Only 28, this Jollibee Yumbassador is a world-class artist | Lifestyle.INQ

OCTOBER 27, 2022

“Nasser” is Arabic for victorious. Victorious indeed is 28-year-old Nasser Lubay, who, aside from having won accolades abroad, from Berlin to Kuala Lumpur and Taiwan, is now among the nine Jollibee Yumbassadors.

Nasser didn’t receive formal Fine Arts training or mentoring of any sort. He took up Mechanical Engineering at Mapua Institute of Technology, but he heeded his imagination and creativity.

Live media, he said, is his major interest. Traditional painting methods, with other modern techniques like digital graphics and video manipulation, characterize much of Lubay’s output.

It was two years ago when Nasser got his big break. One of his many watercolor masterpieces, “Rebirth”, bagged second honors in the prestigious Celeste Prize in Berlin, Germany.

The Celeste Prize is a contemporary arts prize that guarantees its winners instant art stardom. Prizes yearly include shows, art courses and residencies abroad, as well as promotions, catalogues and talks and tours with curators, on top of cash prizes.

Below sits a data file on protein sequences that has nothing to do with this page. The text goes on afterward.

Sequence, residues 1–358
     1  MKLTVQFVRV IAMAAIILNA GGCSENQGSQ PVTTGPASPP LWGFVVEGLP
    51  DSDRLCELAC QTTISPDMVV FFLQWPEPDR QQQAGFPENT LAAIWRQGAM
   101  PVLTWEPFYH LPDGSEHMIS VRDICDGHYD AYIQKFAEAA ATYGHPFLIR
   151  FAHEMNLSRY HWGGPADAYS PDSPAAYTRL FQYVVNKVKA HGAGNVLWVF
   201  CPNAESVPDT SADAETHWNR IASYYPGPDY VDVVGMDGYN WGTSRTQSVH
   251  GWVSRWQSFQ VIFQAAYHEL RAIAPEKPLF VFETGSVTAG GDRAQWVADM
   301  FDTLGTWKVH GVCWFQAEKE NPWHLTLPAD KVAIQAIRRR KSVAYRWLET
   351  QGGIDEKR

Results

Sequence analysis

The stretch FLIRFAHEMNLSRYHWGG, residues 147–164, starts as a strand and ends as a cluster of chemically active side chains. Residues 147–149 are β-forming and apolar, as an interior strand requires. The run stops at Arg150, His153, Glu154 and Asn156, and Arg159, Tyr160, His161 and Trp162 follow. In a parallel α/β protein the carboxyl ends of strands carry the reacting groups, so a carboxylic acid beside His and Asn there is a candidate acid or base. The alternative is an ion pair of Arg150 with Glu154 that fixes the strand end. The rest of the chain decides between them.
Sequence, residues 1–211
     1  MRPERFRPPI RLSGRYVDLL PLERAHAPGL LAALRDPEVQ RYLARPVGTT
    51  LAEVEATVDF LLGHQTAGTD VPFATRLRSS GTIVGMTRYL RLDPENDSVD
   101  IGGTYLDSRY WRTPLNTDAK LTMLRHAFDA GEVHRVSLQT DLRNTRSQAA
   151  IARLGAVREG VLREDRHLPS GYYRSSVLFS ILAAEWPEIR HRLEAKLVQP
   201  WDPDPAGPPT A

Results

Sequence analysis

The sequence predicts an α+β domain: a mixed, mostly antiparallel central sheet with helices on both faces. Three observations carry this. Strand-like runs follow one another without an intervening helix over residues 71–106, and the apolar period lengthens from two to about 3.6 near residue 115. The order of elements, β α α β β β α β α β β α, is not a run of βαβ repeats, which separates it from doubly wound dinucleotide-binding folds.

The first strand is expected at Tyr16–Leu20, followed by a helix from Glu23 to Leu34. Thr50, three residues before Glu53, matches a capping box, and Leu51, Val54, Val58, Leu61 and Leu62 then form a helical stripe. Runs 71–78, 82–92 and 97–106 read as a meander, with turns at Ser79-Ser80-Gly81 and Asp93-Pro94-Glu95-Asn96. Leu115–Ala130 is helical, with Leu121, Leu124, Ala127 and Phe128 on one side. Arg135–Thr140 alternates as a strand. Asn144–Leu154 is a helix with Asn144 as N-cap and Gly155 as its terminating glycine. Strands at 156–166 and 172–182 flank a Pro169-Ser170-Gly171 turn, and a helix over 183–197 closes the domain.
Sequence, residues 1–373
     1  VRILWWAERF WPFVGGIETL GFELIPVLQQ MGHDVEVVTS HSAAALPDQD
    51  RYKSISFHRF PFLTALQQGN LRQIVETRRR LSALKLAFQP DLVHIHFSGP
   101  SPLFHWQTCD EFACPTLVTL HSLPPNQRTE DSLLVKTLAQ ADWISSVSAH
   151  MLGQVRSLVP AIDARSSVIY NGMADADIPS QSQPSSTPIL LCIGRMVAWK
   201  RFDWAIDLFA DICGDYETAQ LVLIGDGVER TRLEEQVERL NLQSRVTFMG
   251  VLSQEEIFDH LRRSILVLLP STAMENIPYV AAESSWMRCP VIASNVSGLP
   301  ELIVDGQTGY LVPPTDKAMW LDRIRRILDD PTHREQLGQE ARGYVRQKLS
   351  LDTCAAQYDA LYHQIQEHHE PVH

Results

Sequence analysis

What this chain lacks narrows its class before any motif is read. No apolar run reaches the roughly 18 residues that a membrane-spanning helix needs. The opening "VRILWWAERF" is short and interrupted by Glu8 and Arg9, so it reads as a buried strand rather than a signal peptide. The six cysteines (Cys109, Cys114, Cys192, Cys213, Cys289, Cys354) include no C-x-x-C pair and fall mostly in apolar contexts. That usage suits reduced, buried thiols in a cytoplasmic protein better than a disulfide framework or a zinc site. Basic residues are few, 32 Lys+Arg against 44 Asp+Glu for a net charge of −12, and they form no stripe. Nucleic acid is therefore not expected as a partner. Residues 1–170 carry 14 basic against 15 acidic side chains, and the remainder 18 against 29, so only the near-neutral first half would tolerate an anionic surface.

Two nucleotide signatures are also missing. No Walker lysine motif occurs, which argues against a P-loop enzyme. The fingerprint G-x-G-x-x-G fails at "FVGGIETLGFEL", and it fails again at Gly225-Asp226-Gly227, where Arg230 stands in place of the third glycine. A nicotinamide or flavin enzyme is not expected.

Lubay did not stop with paintings, but also ventured into design. That same year, in Malaysia, his “Save the Green” entry was shortlisted in the 1000+7 Designs of the 2009 World Eco Bag Design Exhibition during Kuala Lumpur Design Week.

Childhood has been a crucial foundation in Lubay’s art. He receives tremendous support from his parents. “Just enjoy the moment and continue with your art,” they told him to encourage him.

“Travel inspires art,” said Lubay. While his briefs stints in Germany, Malaysia and Taiwan have been memorable, the young artist hopes to travel even more to his dream places: Japan (a huge source of inspiration, given its “solid art forms”), Europe (for its countless art enclaves), Brooklyn, New York (a breeding ground for artists) and Hollywood (for its cinematic appeal).

What’s his dream for when he turns 30?

“By then, I should have mounted my first ever grand solo exhibit—and of course, made my first million through my work.”

Taking his art globally by remaining grounded locally is Lubay’s goal. “Despite international success, I want the world to see I am still based in my country.”

What, then, could be the role of art in today’s changing times? “I think art is what makes a nation beautiful, historical and progressive,” said Lubay. He posted that remark on his Facebook page, for all the world to see.

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